Jeffrey Wigand: The Whistle-Blower

Six years after disclosing the tobacco industry’s deepest, darkest secrets, Jeffrey Wigand, the ultimate insider, remains as outspoken as ever. Here’s why he believes the war against big tobacco is becoming more important, and why he thinks Enron’s Sherron Watkins is no hero.

First things first: Jeffrey Wigand doesn’t like being called a whistle-blower.


Unfortunately, his name is nearly synonymous with the term. He’s the one-time tobacco executive who made front-page news when he revealed that his former employer knew exactly how addictive and lethal cigarettes were. He delivered a damning deposition in a Mississippi courtroom that eventually led to the tobacco industry’s $246 billion litigation settlement. His David-and-Goliath story was even made into a critically acclaimed movie, The Insider, starring Russell Crowe. Still, Wigand detests the label.

“The word whistle-blower suggests that you’re a tattletale or that you’re somehow disloyal,” he says. “But I wasn’t disloyal in the least bit. People were dying. I was loyal to a higher order of ethical responsibility.”

He simply told the truth, he says, about what he saw and experienced as the head of research and development for Brown & Williamson Tobacco Corp. (B& W), the country’s third-largest tobacco company — how the company misled consumers about the highly addictive nature of nicotine, how it ignored research indicating that some of the additives used to improve flavor caused cancer, how it encoded and hid documents that could be used against the company in lawsuits brought by sick or dying smokers.


Wigand paid dearly for going public. Amid lawsuits, countersuits, and an exhaustive smear campaign orchestrated by the company, Wigand lost his family, his privacy, and his reputation. His wife divorced him, and their two daughters went to live with her. Eventually, he left Louisville, Kentucky and moved to Charleston, South Carolina, hoping to start over. He was on his own for the first time in years. “I had to heal,” says Wigand, now 59. “I didn’t want to come out of this experience bitter.”

Six years after the 60 Minutes interview in which he told Mike Wallace that B& W was “a nicotine-delivery business,” Wigand remains an outspoken insider and critic of big tobacco. But things are different now. He no longer requires around-the-clock bodyguards. He has reconciled with his children. And no, he doesn’t sound bitter. That’s because he has been vindicated “10 times over,” he says, largely because of the movie. “It gave me a tremendous amount of credibility and a much larger platform.”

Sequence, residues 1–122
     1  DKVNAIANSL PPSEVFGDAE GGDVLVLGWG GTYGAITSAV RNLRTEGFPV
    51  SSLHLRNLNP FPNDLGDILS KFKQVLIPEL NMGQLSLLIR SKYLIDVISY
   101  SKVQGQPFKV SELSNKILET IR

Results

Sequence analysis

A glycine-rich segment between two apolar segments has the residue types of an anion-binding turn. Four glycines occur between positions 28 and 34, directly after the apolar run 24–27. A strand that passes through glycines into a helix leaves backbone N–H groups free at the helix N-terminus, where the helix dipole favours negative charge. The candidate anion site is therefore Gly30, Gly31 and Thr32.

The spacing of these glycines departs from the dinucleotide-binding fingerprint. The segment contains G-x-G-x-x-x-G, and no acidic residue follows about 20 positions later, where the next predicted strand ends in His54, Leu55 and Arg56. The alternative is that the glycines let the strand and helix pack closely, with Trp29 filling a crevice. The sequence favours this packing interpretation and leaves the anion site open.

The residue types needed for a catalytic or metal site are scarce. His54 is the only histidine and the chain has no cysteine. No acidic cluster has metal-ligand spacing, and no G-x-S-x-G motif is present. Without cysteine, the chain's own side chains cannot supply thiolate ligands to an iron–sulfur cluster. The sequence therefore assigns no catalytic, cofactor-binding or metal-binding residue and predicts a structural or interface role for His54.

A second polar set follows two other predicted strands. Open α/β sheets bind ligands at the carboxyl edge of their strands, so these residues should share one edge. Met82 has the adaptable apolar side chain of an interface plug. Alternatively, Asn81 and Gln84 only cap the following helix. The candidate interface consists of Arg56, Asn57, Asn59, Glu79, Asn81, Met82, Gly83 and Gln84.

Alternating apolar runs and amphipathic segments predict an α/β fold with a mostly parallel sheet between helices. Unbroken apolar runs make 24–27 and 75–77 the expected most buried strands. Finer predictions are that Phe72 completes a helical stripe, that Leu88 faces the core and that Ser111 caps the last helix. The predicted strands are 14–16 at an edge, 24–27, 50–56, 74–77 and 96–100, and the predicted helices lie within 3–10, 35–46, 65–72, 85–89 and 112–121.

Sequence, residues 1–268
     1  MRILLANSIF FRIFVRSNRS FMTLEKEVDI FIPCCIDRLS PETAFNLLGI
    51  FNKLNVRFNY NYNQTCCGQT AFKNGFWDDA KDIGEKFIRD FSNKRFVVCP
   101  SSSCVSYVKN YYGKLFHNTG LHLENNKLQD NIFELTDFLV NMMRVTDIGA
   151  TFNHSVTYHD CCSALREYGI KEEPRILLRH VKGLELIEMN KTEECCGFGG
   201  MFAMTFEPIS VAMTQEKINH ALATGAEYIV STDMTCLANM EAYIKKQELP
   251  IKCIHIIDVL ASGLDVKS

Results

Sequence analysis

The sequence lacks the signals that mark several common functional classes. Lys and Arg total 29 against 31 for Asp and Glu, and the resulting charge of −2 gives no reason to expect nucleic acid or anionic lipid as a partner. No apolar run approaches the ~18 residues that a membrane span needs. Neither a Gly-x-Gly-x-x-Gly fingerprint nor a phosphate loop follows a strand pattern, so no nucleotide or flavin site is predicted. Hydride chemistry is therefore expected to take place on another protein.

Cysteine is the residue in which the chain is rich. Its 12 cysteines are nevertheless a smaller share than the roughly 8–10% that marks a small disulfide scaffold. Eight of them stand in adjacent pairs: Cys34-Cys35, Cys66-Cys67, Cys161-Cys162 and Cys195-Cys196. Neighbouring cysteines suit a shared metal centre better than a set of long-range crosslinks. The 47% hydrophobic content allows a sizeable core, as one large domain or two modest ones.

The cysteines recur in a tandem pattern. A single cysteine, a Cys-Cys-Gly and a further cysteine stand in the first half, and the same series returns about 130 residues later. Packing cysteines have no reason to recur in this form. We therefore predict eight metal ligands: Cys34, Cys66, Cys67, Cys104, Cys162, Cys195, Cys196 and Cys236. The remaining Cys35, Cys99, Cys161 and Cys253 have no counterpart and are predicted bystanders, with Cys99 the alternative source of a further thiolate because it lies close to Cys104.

If anything, Wigand is even more candid these days as an antitobacco advocate. There are no longer lawsuits and injunctions out to muffle him. Ever since The Insider came out in 1999, Wigand has been in demand. He speaks at dozens of schools a year, from elementary schools to business schools. He addresses local and national health organizations here and abroad. He urges physicians to chart their patients’ smoking habits and lobbies Hollywood types to eliminate smoking in films. Some groups cover travel expenses only. Others pay his $10,000 speaker’s fee, which funds a nonprofit he started called Smoke-Free Kids.


Because much of his audience is too young for the R-rated movie, Wigand developed a free educational video with the help of the Centers for Disease Control and Prevention, in Atlanta. Since last year, the CDC has sent out 30,000 copies of Secrets Through the Smoke. Wigand doesn’t have a problem with adults who choose to smoke; they know the risks. But not children. They need to understand just how addictive and dangerous smoking — or chewing tobacco or dip — is and how savvy tobacco ads are at promoting the image of fun, fashionable, and healthy tobacco users. “The tobacco companies target underage kids,” says Wigand, “because they know that if they hook them young, they hook them for life.”